Saturday, November 29, 2008

"Need another 100lb tensile strength dog leash on aisle four!"

Our house in Borderland sits atop a steep hill in a neighborhood of other houses atop steep hills. The area was planned in the late 1980s to be nice and woodsy, with houses constructed of natural materials and not all on top of one another, like a typical suburb. Being a nice and woodsy area, though, we also live side by side with other things that live in nice woodsy areas, such as the family of five deer who frequent our yard. We like having them around, too, cause they're cute and have not yet started to eat our perennials. They also give the dog something to do because Sadie considers them her arch-enemies and barks at them whenever they stray too close.

A couple of Saturdays ago, Sadie was doing precisely this as the deer milled around the back yard, snuffling beneath the snow and leaves and eating the acorns they find there. The wife and I also watched, amused at Sadie's rage. For their part, though, the deer didn't seem to care one whit that the dog was barking furiously at them from behind the glass of the back door. Some even seemed to stare back in contempt while chewing up mouthfuls of acorns. That is, until the wife decided to open the back door and let Sadie out. I almost stopped her from doing it, cause I knew we'd NEHEHEHEver get the dog back in the house if she was out sans leash--at least, not for a long time. However, the notion of how satisfying it would be for Sadie to get to chase them was way too delicious to kibosh. It would be like Christmas morning for her--just pure joy. So I stepped back.

The deer all looked pretty shocked as Sadie came flying out the door toward them in a blaze of snarls. Sure, she nearly broke her neck slipping on the icy deck before she could get into the grass, but they all five vanished in a flash of bobbing tails from our unfenced back yard and were quickly out of sight down the steep backside of the hill. I knew there was no way Sadie would ever catch them, but in the five seconds I could see her before she too vanished down the hill, she looked like she was having a blast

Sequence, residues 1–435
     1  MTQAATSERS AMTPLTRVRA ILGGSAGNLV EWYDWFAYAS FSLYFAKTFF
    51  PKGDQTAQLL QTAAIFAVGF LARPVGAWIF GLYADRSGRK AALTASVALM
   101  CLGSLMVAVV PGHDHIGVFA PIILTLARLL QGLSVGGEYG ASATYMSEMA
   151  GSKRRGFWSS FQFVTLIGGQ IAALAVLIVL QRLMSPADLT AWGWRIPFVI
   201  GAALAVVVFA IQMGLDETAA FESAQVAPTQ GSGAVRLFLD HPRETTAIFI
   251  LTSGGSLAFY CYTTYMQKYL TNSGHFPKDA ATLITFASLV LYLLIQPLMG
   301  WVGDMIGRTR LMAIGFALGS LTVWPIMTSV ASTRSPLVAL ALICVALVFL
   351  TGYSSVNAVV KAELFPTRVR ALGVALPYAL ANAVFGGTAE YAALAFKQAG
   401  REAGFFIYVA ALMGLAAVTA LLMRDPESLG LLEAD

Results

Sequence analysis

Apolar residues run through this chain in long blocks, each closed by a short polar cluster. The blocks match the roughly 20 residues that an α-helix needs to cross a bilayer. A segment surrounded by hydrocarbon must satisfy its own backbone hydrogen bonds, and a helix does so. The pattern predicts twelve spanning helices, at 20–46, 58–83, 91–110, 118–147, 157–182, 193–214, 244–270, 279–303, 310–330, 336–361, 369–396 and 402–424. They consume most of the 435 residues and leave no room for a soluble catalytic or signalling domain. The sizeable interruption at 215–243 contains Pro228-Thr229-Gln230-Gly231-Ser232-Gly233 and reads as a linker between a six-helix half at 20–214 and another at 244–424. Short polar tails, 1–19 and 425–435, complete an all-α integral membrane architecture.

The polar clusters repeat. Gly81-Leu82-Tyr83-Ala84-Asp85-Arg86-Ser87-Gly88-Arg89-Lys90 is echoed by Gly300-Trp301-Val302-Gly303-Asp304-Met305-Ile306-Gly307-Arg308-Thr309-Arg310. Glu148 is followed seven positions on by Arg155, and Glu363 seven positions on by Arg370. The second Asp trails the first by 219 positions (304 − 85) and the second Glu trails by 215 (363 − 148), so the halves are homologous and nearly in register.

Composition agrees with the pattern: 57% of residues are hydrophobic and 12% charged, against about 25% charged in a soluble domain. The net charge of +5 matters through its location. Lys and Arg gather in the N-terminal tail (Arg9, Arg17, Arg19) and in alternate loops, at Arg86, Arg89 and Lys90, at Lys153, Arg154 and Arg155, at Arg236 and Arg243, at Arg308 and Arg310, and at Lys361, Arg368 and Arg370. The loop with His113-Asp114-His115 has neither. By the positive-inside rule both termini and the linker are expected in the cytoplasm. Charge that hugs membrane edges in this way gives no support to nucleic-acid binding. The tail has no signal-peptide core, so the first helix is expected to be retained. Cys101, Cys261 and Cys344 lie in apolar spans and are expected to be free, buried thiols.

Half an hour later, Sadie was still outside. This wouldn't have been so bad, except she knew we wanted her back in and took to taunting us, playing keepaway with herself. The wife apologized to me profusely, but I wasn't mad since I knew this was precisely what would happen. Eventually, we coaxed Sadie back in through the combination of hunger and a Pupperoni.

Cut to this past Wednesday.

A few hours before Thanksgiving relatives were to arrive, I decided to run a few errands and was going to take the dog with me. I was on the way to the garage with her when through the back window we spied the deer family nosing around in the snowy grass again. Sadie lit up with barking, running back and forth from the back door to the kitchen windows just making as much noise as possible. Again, the deer gave her the ungulate-equivalent of the finger and continued to chew, staring unafraid in Sadie's direction. Sadie dialed up her barking a few more notches, but this seemed to have little effect. The deer slowly and casually began moving toward the steep back part of the hill. Only one of them hung back, turned to face us and then squatted down and started to take itself a deer dump. And it took its time taking its dump, seemingly as if to say: "Hey assholes, look at me! I'm shitting in your yard! Whatareyagonna do about it? Huh? NOTHIN', that's what!"

"Do you see that deer shitting in your yard?" I asked Sadie. She indicated she did by barking even louder.

What I did next seemed like a good idea at the time, though I don't know why. Maybe I was just pissed off at my perception of the deer's bad attitude. Whatever the case, I had an instant vision of Sadie and me chasing after this deer and it running from us in terror. This seemed like a nice vision which could, easily enough, be made a reality. Before I could think it through any further, I grabbed Sadie's retractable leash, clipped it to her collar and opened the door.

Sadie blazed across the still snowy deck, hung a quick left through the walkway between sections of deck railing and was in the yard before I could step out the back door. About that time, she reached the end of the retractable leash's range and I suddenly felt myself jerked onto the snowy deck. It then occurred to me that I would never be able to maneuver my way through the walkway and into the yard without slipping on the ice and busting my ass on the deck, so I made a command decision to let go of the leash and save myself some pain. It banged against the railing once and was whipped into the yard, trailing along behind the dog as she bounded for the backside of the hill, just a-barkin'.